Super-charging your trade show results is a popular topic and scores a fine number of online search results. One of the benchmarks for event marketing in the Israeli hi-tech scene has undoubtedly been Panaya (now part of Infosys). Some of todays’ succesful local technology marketers show a stint at “the helicopter company from Ra’anana” on their LinkedIn profile. As follow-up reading to this post i recommend: The 50 secrets of Trade show Success, written by… no surprises here… former Panaya VP Marketing Udi Ledergor. So what can i add that has not been said already?

The right show
Find suitable event(s), based on your target audience, industry and desired geographic location. Be sure to request the demographic stats of previous years from the organizers and check if your expectations are likely to be met by the outcome of previous year(s). Talk to your peers and see if the’re happy with the quality of the audience (decision maker / influencer titles), the quantity and the visitor to exhibitor ratio. Exhibition layout (floorplan) and venue (location) are also important to consider. 

The right setting
When selecting a sponsor package and booth location, there is more to consider than budget alone: A smaller booth looks busy with little effort. This in turn attracts people. A big booth impresses, but takes more work and manpower to fill. As far as location goes, try and visualize the flow of people through the exhibition hall and find the “high street”. See if you can get close to the main sponsors without paying top dollar. It is good practice to define what you want to avoid.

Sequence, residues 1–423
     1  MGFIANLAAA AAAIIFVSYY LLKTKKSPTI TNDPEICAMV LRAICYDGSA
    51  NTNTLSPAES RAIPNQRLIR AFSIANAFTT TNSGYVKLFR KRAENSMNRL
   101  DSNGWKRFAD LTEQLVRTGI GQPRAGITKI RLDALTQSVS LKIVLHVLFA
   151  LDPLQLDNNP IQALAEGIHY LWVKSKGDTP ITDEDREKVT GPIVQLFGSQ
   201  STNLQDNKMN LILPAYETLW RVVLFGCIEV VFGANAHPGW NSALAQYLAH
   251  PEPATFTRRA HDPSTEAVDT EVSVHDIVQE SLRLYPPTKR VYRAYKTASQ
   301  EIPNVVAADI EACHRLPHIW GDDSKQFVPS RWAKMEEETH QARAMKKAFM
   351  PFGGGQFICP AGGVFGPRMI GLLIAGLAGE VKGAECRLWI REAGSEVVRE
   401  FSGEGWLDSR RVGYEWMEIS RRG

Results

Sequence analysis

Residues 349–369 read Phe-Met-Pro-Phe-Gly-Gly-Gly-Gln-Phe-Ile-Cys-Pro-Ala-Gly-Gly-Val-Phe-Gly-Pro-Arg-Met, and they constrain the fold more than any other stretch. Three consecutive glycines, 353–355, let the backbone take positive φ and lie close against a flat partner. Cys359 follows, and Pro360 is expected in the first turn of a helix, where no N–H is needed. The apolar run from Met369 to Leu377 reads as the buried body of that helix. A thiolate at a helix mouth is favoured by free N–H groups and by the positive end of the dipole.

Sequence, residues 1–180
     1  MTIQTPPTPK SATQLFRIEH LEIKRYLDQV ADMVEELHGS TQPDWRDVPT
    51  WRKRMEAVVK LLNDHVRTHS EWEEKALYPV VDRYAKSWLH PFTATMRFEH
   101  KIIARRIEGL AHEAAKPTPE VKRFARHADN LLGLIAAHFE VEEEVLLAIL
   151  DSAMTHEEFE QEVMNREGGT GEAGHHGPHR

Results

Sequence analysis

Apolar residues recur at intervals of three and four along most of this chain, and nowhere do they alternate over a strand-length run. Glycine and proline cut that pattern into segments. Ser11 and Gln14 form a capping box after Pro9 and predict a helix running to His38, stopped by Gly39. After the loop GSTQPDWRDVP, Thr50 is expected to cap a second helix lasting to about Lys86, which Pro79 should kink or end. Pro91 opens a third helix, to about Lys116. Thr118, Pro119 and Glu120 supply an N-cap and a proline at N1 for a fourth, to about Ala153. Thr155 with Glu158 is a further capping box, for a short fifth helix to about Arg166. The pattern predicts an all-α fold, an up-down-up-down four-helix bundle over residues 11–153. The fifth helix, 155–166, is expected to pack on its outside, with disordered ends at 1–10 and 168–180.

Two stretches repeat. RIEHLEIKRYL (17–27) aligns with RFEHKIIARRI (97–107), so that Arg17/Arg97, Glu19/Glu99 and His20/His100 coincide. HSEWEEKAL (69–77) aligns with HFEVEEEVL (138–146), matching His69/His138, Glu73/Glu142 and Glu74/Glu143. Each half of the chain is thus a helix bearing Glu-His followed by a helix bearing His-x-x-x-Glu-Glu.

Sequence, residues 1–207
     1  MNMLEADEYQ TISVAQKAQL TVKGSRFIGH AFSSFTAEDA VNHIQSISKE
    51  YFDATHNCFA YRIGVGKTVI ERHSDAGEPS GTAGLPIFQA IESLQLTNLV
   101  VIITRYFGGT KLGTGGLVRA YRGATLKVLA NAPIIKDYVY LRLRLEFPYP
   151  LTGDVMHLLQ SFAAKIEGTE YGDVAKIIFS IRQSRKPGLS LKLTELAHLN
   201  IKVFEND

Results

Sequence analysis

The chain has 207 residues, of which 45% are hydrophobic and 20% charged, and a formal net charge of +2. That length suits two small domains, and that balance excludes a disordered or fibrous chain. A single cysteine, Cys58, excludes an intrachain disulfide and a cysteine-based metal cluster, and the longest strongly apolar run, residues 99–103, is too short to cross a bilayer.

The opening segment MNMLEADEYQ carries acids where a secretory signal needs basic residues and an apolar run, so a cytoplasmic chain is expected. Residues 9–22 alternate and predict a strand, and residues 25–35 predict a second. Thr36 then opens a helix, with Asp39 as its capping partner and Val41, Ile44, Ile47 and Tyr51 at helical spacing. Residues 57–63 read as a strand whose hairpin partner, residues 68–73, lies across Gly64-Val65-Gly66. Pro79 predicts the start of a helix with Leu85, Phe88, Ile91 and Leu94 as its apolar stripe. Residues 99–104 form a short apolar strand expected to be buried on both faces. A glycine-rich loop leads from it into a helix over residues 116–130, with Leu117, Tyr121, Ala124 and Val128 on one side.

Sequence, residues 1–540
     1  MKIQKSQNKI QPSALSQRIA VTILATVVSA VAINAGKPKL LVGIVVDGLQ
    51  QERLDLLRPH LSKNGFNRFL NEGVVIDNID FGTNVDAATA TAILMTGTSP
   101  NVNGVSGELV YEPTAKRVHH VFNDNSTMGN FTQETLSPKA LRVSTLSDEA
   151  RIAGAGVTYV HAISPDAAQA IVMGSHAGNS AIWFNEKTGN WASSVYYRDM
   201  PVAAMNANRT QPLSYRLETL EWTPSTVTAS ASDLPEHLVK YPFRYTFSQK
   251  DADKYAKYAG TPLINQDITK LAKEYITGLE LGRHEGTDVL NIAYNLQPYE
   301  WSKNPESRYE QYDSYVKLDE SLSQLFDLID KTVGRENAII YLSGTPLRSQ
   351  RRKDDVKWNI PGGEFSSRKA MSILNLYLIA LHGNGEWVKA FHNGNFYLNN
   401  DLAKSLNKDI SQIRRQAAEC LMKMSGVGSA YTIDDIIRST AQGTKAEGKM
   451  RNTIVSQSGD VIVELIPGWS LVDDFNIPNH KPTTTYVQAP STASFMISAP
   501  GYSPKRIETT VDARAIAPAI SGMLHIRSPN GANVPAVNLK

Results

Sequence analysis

My personal top 3 of no-goes is:

  1. Venues where exhibitors are stuck in the basement, while workshops and plenary sessions are held on the levels above. Not even paying visitors bribes will get them to your booth.
  2. Events where the exhibitor/visitor ratio is completely out of whack. You’re looking for intimacy and end up sponsoring a gang bang (pardon my French!). Just don’t!
  3. Schedules so full of sessions that there’s no time for visitors to wander the exhibition, or similarly: coffee and food that is not served in the exhibition hall, or too close to the entrance. Visitors need to be able & incentivized to walk the exhibition floor during the breaks.

Pre-show planning
Proper events preparation will use most of your Marketing resources, from marcom to design, from content to online. If your resources are limited, time is of the essence. A multi-day show may take months to prepare, so start on time! Build your budget, set your goals, close the package, start booth design, order giveaways and start with an early “save the date”-type of campaign. Your audience is probably the crowd that books their summer holidays a year in advance, so you can’t be too early! See if you can research the registrants companies and titles (names you won’t get ahead of time..) against your database, so your Sales team can apply this knowledge and use the personal approach to set meetings. Plan your execution and the tools you need for lead generation. Order those bar code scanners and prepare that sheet with qualifying questions!

Up Next: The 4 Pronged Approach